Langmuir 10/2011; 27(2):651-5. · 4.38 Impact Factor
  • N. Ansari, K. M. Hurst, W. R. Ashurst
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    ABSTRACT: Commercialization of a whole spectrum of useful MEMS is still hindered by surface phenomena that dominate at the micron scale. Altering the roughness and surface chemistry of MEMS surfaces by depositing nanoparticles on them is being considered by the MEMS community as a useful strategy to address tribological issues. Although, gold nanoparticle monolayer is reported to reduce adhesion in MEMS, determining its surface coverage still remains a challenge [1]. A technique to determine the surface coverage of deposited gold nanoparticles is needed, so that its effect on the tribology of MEMS surfaces can be studied.
    05/2011: pages 67-68;
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    ABSTRACT: Self-assembled monolayer (SAM) films of p-aminophenyl trimethoxysilane (APhTS) and 3-mercaptopropyl trimethoxysilane (MPTS) were used to immobilize gold nanoparticles (AuNPs) on silicon substrates and silicon-based microdevices, which created robust nanoparticle coatings that reduced microstructure adhesion. The terminal groups of APhTS and MPTS have both been previously shown to strongly interact and/or bind with metals and metallic nanoparticles. Scanning electron microscopy (SEM) analysis indicated that APhTS and MPTS monolayers improved the adhesion of gold nanoparticles deposited on silicon substrates and microstructures. SEM analysis also showed that the gold nanoparticle/organic monolayer (AuNP/APhTS or AuNP/MPTS) films were more robust than non-immobilized AuNP coatings toward both cantilever beam mechanical contact and water erosion testing. The combination of the rough, lower-energy surfaces of AuNP/APhTS and AuNP/MPTS films also effectively reduced the adhesion exhibited between microstructured surfaces by nearly two orders of magnitude as measured by the apparent work of adhesion. Smooth native oxide-coated Si(100) in-plane surfaces typically have an adhesion energy in excess of 30 mJ/m<sup>2</sup> while AuNP/APhTS and AuNP/MPTS coatings reduced the adhesion energy to 0.655 and 1.66 mJ/m<sup>2</sup>, respectively.
    Journal of Microelectromechanical Systems 05/2011; · 2.13 Impact Factor
  • N. Ansari, W. R. Ashurst
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    ABSTRACT: Tribology remains an active area of research for the Micro-electromechanical Systems (MEMS) community. At the micron scale, which is the scale relevant to commercial MEMS, a number of factors namely roughness, apparent contact area, surface topography, surface chemistry, etc. are known to have a significant impact on the tribological properties. Historically, researchers have found it difficult to study the effects of these factors individually. We report on a test platform designed and fabricated using a single mask scheme within a relatively smooth SOI wafer. The test platform includes several different micromechanisms on the same chip so that a systematic investigation of the factors that influence tribology in MEMS can be carried out. The test platform is therefore an ideal stage for testing and comparing the various strategies that can be used to address the tribological issues that are presently plaguing the MEMS community.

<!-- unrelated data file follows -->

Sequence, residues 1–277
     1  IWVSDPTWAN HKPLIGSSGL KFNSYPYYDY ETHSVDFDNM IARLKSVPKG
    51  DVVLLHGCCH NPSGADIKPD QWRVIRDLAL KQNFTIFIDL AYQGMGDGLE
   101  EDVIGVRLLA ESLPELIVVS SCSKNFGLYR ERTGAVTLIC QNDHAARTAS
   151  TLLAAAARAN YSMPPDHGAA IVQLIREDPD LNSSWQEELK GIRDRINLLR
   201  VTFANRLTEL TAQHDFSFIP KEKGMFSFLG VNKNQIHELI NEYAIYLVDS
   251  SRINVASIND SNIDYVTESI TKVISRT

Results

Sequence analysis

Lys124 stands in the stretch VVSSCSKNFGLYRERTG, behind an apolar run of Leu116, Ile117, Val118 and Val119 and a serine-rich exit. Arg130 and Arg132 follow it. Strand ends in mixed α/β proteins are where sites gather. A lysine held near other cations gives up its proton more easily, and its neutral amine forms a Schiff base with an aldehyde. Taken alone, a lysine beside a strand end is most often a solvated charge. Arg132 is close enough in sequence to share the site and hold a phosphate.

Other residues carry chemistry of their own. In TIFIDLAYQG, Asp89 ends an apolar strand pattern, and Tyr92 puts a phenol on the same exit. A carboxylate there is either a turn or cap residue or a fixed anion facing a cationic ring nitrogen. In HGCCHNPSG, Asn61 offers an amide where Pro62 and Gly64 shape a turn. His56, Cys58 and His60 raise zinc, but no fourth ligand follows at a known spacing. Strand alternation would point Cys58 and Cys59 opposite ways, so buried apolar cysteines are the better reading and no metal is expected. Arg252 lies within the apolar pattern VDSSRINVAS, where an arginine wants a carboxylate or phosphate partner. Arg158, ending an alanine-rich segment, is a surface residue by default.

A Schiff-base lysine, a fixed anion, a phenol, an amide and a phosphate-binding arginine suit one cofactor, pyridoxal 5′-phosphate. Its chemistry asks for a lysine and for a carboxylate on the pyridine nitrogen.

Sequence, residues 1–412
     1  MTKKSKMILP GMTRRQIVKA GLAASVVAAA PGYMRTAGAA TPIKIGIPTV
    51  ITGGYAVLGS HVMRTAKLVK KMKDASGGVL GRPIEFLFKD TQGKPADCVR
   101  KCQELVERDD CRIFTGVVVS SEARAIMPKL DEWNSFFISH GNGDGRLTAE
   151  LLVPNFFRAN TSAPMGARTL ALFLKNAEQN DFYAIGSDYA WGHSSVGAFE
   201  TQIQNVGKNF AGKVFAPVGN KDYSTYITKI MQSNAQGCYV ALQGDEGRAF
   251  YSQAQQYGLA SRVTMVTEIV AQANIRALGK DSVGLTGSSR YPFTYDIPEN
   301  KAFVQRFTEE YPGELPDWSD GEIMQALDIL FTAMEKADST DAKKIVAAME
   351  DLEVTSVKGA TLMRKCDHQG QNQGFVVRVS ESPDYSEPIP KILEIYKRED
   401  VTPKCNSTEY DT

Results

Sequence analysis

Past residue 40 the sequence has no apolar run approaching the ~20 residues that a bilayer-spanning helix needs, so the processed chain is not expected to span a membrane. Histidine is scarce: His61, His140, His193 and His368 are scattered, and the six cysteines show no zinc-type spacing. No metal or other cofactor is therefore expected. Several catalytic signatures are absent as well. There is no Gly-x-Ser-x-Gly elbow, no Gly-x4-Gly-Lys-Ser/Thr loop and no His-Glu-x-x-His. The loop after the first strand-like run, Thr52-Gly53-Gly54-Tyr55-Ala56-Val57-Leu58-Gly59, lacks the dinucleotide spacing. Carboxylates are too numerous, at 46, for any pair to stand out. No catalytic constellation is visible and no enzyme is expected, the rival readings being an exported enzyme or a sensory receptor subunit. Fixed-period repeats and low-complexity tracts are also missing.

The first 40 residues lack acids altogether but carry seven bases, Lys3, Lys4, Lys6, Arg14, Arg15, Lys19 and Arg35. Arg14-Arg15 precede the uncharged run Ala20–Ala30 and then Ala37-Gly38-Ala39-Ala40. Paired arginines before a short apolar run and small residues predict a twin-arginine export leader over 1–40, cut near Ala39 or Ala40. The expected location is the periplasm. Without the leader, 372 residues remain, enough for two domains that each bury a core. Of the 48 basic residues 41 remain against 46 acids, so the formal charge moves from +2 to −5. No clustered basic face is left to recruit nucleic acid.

03/2011: pages 85-95;
  • N. Ansari, K. M. Hurst, W. R. Ashurst
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    ABSTRACT: Since the advent of Micro-electromechanical systems (MEMS) technology, researchers have used surface texturing as one of the approaches to alleviate unintentional adhesion in MEMS. However, the conventional methods used for surface texturing are reported to reduce apparent in-plane adhesion only by a factor of 20. Further, the test surfaces used to-date are inherently rough, as a result of which, the effects of surface texturing could not be studied independently. We report on a novel method of texturing inherently smooth Si(100) surfaces by depositing dodecanethiol capped gold nanoparticles using a gas-expanded liquid technique. The dodecanethiol capping ligands are removed by exposing the treated surfaces to UV-Ozone atmosphere for an hour and the textured surfaces thus obtained are characterized by atomic force microscopy (AFM) and scanning electron microscopy (SEM). The textured Si(100) surfaces exhibit a significant reduction in apparent in-plane work of adhesion, which is determined using the cantilever beam array (CBA) technique, compared to untextured smooth Si(100) surfaces having only native oxide on them.
    03/2011: pages 181-187;
  • N. Ansari, W. R. Ashurst
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    ABSTRACT: This paper reports on a MEMS device that can be used to study sidewall stiction. Details on the design, fabrication, modeling and testing of the device are reported. The device is easy to fabricate and overcomes some of the limitations of other devices. The apparent adhesion energy of OTS SAM coated sidewalls is approximately 38 muJ/m2.